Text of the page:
Learn about Bizzabo’s first account-based marketing meet-up, see insights from marketers at WalkMe and Sisense, and discover what pancakes have to do with it.
This week, we hosted our first demand gen-focused marketing meetup at Bizzabo Tel Aviv. We discussed account-based marketing (ABM) and the future of the field. We also ate pancakes.
Correction: We ate *many* pancakes.
The event was part of a series of meetups we are organizing on different professional topics like product, design, software development, etc. Personally, I believe that learning best practices and new tactics from colleagues is one of the best ways to master one’s craft.
That’s why I invited Galia Nedvedovich, the Director of Demand Generation at Sisense, and Ilya Glezer, the Head of Acquisition at WalkMe, to share their perspectives on moving towards an account-based marketing strategy.
Now presenting: Our marketing speakers.
For my presentation, I told the story of how and why Bizzabo changed its business strategy in late 2018. We decided as a company to shift all our efforts into going upmarket. Galia presented second and shared how Sisense compares inbound to Outbound marketing. Ilya, our third speaker, shared how WalkMe planned and tested its outbound process as a new marketing strategy for the company.
Here are my top 10 ABM takeaways from the event:
- The ABM Dream – When tackling ABM, you should expect higher ACVs and revenue stream. This comes from further aligning your company and your go-to-market strategy with your ideal customer profile (ICP).
- Farming, Not Hunting – Another advantage of aligning with your ICP customers is that they stay longer and get more value from your product. By building a product based on your ICP’s needs your solidify your solution as a “must-have” rather than a “nice-to-have” product.
- Narrowing Your Message – When you serve ICP customers you position yourself as the best solution for a specific segment instead of trying to please every possible customer. As a result, you can become the “go-to” product in your professional sphere.
- Focusing Together – With a properly executed ABM strategy in place, your teams are working together to achieve the same goals instead of chasing separate metrics. This means less waste and a more cost-effective go-to-market operation.
- Terminology – There’s a lot of jargon in marketing. ABM opens up a door to a whole new vocabulary tree. Having the same terminology across the organization is something you must develop. Your team should be able to reflect all ABM processes in the same way, no matter if they are marketers, salespeople, or from any other department.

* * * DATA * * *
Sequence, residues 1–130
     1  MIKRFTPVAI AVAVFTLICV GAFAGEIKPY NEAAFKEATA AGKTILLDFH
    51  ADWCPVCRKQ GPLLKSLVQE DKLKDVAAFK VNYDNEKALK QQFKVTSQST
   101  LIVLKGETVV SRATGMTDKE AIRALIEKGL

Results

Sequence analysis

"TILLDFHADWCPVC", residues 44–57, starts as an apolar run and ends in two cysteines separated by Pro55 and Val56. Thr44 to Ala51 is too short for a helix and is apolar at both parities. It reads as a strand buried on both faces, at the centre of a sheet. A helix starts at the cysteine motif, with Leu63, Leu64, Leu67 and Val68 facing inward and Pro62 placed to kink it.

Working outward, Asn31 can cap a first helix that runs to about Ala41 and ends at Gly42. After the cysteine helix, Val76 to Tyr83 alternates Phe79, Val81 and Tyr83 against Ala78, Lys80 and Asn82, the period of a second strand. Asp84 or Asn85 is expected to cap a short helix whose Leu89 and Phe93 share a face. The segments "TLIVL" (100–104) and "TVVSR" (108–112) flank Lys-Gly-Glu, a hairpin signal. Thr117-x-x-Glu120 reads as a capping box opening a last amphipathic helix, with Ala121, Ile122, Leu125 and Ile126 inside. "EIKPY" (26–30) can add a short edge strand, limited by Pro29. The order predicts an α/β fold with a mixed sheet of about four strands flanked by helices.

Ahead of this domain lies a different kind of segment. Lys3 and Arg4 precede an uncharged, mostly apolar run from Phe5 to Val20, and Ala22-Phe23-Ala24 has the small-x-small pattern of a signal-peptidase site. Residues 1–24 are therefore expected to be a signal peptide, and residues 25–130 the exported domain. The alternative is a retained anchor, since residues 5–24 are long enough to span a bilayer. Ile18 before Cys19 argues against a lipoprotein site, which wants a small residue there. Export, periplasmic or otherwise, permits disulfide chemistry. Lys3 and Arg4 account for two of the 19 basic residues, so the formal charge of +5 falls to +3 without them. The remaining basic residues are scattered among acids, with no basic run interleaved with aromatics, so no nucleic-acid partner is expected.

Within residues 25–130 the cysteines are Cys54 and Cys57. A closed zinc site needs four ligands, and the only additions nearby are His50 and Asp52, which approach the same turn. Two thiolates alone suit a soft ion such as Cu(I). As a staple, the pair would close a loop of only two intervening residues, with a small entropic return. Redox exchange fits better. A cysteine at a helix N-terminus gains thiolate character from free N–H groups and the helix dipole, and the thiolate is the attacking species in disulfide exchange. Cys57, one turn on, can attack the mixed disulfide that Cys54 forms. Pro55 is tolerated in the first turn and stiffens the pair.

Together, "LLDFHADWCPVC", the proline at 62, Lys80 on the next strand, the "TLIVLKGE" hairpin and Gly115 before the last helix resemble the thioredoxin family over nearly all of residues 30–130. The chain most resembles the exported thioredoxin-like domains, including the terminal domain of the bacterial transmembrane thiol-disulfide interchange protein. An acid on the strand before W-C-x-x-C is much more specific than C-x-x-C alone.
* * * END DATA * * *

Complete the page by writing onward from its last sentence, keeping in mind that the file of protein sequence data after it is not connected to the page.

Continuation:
- The One-size-fits-all ABM Process – It doesn’t exist. There are only ABM processes that are good for your organization. It’s your task to find what works for you.
- Measure Something – Yes, it’s harder to measure ABM marketing in comparison to traditional inbound marketing. This is mainly because there are many offline activities that are contributing to the success of the strategy. With that being said, you should determine some system for tracking and evaluate marketing performance so that your organization can move quickly and understand what’s working and what’s not.
- Iterative Testing – Just as product teams launch iterative sprints, so can go-to-market teams. Start with manual processes, recognize what’s working and then automate the processes.
- The Virtue of Patience – ABM takes more time than inbound marketing. You should shift your state of mind and understand that results will take time but would be much more rewarding for your company.
- There’s No Right Answer – ABM works differently for different organizations. It’s important to compare yourself to industry benchmarks and get feedback, but every organization should develop its own ABM approach that fits its culture, product, and industry.
Interested in learning more about ABM? We wrote a comprehensive guide to ABM and events. Although I wasn’t involved in writing this one, it’s become a staple for how I think about our ABM strategy.